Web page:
Regardless of your preparation method, whether you choose to follow flexible dieting or strict dieting, you will need self-discipline, and that is exhausting. Immediately after your competition, it’s a good idea to have a free meal but it’s very important that you only eat until you’re physically full, not emotionally or mentally full. You may be tempted to ingest an unusually high amount of calories during this meal, but it’s a good idea to keep things in check. An untracked free meal will do you a world of good, a cheat binge will not.

Reverse or Recovery diet

When you diet for a competition, you take yourself well out of its comfort zone in almost every way. Your body fat percentage gets very low, and a drop in calories tends to accompany this, so you take yourself well away from your set point. This means that your slowing metabolism needs the time to improve and chances are, your body fat needs to increase a little bit (because believe it or not, it’s actually HEALTHY to have some body fat).

There is no point in hanging around in a deficit post competition. The main aim of a Recovery Diet is to get to a recovery point without having the insane food binges and experiencing the emotional roller coaster due to sudden unforseen and uncontrollable food binges.

Reverse dieting involves slowly increasing your calories and macronutrients (and micronutrients) over time while trying to minimize an increase in body fat. While this sounds ideal in theory, unfortunately for a lot of competitors, a slow reverse isn’t a good option as it keeps them in a deficit and many get stuck struggling with a binge guilt mentality. Although losing weight is not the primary goal of reverse dieting, it can occur in rare circumstances) for some athletes at the initial stages of the reverse diet.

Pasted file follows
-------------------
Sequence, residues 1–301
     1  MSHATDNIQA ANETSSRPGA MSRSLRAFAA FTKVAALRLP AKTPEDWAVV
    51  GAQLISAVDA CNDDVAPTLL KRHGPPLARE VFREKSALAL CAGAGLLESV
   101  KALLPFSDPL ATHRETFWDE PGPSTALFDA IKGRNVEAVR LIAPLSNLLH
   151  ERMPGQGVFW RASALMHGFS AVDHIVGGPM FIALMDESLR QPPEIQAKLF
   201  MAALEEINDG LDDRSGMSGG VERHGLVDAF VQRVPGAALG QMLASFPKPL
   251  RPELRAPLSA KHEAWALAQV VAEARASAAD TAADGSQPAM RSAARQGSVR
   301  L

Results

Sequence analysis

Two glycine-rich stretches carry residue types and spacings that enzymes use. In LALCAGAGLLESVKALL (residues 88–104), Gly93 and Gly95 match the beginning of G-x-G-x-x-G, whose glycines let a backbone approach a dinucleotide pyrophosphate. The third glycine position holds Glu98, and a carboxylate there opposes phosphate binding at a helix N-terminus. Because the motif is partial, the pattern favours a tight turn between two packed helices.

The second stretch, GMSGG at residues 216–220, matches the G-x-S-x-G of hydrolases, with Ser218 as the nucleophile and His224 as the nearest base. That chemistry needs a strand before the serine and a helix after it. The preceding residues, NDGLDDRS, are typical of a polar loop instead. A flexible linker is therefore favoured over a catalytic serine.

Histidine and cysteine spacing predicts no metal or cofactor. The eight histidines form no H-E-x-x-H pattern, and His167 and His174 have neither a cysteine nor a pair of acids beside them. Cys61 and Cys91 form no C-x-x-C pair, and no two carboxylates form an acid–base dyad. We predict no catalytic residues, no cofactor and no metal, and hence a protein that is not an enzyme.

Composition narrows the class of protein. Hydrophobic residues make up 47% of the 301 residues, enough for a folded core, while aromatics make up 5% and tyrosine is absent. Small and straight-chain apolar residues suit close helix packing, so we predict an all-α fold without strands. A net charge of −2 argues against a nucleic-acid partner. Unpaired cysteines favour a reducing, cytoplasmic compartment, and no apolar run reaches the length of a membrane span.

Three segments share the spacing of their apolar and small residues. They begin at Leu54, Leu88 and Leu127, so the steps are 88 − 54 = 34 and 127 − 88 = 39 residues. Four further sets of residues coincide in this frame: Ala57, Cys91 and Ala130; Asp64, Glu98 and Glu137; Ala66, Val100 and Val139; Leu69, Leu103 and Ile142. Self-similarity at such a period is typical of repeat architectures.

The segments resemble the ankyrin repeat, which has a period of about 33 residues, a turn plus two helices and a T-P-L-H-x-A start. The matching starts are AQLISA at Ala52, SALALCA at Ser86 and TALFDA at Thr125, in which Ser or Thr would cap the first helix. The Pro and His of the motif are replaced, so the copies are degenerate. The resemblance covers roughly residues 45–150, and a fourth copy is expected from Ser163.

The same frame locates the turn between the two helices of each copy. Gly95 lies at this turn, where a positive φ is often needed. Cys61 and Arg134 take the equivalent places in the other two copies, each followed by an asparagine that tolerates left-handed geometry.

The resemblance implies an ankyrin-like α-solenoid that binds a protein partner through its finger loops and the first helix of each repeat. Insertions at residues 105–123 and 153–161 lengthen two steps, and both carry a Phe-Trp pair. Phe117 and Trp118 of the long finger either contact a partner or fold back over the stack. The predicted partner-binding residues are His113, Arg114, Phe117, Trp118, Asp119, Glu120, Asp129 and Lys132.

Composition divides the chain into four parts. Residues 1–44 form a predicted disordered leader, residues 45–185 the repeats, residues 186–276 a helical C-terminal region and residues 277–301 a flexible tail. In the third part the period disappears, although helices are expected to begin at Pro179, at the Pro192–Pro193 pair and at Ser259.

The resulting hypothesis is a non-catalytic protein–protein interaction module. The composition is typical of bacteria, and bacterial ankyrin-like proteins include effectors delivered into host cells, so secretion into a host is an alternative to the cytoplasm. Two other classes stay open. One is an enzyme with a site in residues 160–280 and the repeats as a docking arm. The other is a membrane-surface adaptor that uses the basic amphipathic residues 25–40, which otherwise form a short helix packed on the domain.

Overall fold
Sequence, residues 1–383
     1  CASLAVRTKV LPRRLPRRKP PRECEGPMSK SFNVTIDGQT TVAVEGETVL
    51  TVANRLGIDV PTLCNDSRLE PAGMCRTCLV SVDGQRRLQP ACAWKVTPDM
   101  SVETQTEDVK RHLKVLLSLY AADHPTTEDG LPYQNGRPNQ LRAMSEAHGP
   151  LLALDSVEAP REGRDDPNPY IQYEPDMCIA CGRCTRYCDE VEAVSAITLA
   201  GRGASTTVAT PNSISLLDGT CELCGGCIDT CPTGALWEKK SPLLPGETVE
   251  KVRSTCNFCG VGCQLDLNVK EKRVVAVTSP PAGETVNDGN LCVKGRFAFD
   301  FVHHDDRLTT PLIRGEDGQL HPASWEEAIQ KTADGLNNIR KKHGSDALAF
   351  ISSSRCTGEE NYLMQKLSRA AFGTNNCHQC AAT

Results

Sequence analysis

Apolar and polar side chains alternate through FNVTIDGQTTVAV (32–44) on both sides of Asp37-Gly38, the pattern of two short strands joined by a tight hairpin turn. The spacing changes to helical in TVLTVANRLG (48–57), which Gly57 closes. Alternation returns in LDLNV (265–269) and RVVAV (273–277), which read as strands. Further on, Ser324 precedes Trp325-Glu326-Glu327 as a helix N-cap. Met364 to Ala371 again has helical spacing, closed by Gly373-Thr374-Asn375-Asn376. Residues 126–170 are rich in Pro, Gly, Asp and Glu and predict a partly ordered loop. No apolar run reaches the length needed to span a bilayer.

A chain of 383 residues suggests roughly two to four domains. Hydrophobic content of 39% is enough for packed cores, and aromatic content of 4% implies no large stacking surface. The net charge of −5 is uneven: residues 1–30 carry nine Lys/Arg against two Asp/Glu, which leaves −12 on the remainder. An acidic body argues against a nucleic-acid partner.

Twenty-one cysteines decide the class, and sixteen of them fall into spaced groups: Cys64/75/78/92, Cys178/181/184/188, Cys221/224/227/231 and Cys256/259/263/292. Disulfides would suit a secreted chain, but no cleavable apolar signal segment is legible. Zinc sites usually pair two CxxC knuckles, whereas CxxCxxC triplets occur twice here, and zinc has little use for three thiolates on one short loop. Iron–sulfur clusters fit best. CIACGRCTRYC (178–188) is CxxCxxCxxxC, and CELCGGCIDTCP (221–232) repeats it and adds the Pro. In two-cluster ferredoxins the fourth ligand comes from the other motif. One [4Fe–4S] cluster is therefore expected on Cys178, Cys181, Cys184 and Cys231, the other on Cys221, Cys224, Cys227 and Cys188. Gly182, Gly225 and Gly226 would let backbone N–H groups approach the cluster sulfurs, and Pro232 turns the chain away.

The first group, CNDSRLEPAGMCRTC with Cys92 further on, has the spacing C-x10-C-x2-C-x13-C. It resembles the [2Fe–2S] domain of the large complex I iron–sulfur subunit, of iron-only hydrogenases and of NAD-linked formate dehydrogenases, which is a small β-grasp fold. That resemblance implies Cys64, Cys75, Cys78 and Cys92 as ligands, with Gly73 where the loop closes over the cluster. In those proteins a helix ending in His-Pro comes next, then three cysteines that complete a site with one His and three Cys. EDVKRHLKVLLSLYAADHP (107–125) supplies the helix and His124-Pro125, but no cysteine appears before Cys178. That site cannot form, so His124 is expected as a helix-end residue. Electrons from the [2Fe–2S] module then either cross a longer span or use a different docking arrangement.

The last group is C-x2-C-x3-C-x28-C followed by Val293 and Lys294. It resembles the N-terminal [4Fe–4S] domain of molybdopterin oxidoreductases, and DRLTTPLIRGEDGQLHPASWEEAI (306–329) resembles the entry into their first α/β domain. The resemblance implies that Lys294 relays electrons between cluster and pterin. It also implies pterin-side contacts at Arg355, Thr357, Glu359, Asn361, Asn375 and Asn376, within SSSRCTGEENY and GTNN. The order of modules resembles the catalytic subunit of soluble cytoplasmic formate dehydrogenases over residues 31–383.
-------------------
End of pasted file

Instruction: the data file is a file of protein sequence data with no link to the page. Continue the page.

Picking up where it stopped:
Find a support network

There is nothing more beneficial that getting the right guidance in your time of need, and nothing more empowering than helping others through theirs. Find yourself a group either via social networks or your immediate network to keep yourself facing north.

If the above information isn’t enough to convince you that this struggle is real, we have included an account from Fran, a former competitor who followed a similar path and managed to keep her head above water and pull herself out of post comp depression.

Keep Training

If this sounds like common sense, it’s because it is. There is no reason to stop. So many people do though and it doesn’t help their metabolism recover at all. This is no different than watching an Olympic athlete suddenly stop their training and seeing them blow out in the public eye. Don’t stop training.

Set Short Term, Mid Term and Long Term Intrinsically Driven Goals

You’ve spent so long focusing on your body, it’s actually about time you shift your focus elsewhere. Even if you’re a physique athlete, it pays to have clear and definitive goals that aren’t subjective. Performance based goals that are conducive to building a more solid physique if you want it, but without the scrutiny. Strength and performance goals tie in well with building muscle. Perhaps you want to get stronger with certain compound movements? Perhaps you want to improve the skill or execution of a specific lift, or learn a new exercise. It might even be useful to do something that has nothing to do with physique building, depending on how fatigued you are from the whole process. The point is to shift into a growth mindset post competition. You’ve been so focused on taking away. It’s now time to shift in the other direction in a sensible manner.

Here is Fran’s Story:

Back in early December 2013, I was chosen to participate in a challenge sponsored and coached by Athletic IQ.  Within the first week the results started kicking in, the change taking place before my eyes was phenomenal, centimeters were falling off whilst I was eating food I had almost forgotten about.